An investor needs to remember that treating SIPs as a short-term avenue can be counterproductive.
SIP is a method of investing in a particular mutual fund scheme at a pre-decided frequency. It offers multiple benefits. First, it ensures a disciplined approach to investing as an investor puts in a small amount at regular intervals instead of a lump sum at any stage. Second, it reduces the negative impact of market volatility through rupee cost averaging, which essentially means one gets to buy more units of the fund when the underlying market is falling and vice versa, thereby averaging the buying cost per unit downwards. Third, the minimum SIP investment can be as low as Rs.500, which is another incentive for small investors to come in.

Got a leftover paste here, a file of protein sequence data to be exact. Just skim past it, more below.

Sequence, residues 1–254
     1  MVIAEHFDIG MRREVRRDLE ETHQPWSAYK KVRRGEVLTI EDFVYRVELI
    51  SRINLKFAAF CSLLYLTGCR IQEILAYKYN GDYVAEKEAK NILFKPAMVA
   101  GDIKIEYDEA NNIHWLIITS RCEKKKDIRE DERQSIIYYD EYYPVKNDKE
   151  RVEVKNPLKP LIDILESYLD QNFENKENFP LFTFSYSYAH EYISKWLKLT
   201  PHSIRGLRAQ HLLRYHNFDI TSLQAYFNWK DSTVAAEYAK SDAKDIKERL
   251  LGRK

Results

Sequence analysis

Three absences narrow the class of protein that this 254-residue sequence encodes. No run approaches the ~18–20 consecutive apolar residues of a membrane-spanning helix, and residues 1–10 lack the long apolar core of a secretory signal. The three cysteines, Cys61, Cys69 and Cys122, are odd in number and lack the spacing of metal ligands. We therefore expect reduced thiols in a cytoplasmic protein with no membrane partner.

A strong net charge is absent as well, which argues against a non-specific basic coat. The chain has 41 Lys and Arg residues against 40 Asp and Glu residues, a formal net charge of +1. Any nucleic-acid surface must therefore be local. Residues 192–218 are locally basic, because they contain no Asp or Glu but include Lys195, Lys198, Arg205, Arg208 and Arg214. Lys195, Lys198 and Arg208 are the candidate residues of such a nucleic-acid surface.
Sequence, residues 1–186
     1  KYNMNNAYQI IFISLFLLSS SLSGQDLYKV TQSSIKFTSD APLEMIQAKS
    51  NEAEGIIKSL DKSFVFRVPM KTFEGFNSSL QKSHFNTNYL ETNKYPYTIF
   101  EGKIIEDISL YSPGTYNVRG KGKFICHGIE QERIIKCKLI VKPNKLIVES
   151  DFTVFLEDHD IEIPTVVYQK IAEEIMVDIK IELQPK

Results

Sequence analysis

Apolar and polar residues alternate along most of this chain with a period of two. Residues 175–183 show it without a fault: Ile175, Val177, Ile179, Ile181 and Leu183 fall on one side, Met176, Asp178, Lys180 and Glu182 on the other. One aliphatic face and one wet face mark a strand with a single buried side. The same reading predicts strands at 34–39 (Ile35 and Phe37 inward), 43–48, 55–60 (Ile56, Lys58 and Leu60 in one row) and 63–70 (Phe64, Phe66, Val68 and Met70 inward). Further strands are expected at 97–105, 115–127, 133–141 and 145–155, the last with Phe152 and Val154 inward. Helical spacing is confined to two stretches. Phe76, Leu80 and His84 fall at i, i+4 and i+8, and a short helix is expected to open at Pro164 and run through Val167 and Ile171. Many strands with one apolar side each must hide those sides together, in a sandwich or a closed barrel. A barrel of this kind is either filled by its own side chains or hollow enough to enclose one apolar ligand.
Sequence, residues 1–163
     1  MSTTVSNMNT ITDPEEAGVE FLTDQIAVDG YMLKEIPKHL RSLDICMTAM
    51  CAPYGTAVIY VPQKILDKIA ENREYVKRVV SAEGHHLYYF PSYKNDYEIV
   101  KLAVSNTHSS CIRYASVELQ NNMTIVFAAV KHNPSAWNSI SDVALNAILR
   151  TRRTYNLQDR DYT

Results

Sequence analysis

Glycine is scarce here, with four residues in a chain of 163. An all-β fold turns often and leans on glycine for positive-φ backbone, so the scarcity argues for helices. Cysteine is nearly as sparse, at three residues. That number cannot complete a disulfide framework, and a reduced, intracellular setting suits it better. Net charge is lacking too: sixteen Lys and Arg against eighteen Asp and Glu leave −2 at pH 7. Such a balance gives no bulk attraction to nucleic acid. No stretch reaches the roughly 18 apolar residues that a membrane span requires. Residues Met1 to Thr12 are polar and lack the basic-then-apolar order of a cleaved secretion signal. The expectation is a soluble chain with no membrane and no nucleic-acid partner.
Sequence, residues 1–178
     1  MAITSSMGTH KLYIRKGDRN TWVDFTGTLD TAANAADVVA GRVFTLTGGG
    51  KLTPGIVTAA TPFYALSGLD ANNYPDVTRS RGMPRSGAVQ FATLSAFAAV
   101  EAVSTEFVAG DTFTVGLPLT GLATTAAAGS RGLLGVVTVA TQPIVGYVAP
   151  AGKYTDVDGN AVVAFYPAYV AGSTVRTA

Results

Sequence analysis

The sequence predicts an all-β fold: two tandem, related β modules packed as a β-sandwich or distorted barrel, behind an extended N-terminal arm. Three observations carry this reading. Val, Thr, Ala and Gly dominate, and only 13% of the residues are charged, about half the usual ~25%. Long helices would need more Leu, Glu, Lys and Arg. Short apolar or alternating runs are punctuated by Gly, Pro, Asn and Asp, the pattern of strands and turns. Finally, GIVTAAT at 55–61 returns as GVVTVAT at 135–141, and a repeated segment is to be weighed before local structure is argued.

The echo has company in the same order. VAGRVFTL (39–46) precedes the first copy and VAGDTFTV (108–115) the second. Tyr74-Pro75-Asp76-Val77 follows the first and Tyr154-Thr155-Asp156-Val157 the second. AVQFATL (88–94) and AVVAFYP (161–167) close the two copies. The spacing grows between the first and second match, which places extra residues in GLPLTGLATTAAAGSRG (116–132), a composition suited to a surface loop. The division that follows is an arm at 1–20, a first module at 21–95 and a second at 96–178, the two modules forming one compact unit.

In spite of disciplined investments, investors may face capital erosion for an investment horizon up to five years. However, as the tenure increases – to six years or more – the probability of negative returns reduces to zero. In fact, the minimum rate of return for a six-year SIP is slightly more than 4 per cent and increases to a respectable 11 per cent over a 10-year horizon :
While SIPs are a good option, one needs to continue these for a long time to derive maximum returns on investments. Given adequate time, these investments can grow and create wealth as they benefit from compounding and other advantages. An analysis of SIP investments across equity categories reveals that a monthly investment of Rs.5,000 in equity-oriented funds* over the past 15 years – totalling Rs.9 lakh – would have more than tripled to Rs.29.67 lakh :
*Based on an index created out of large-cap, large and midcap, multicap, focussed, value/contra, midcap and small-cap equity-oriented mutual fund categories.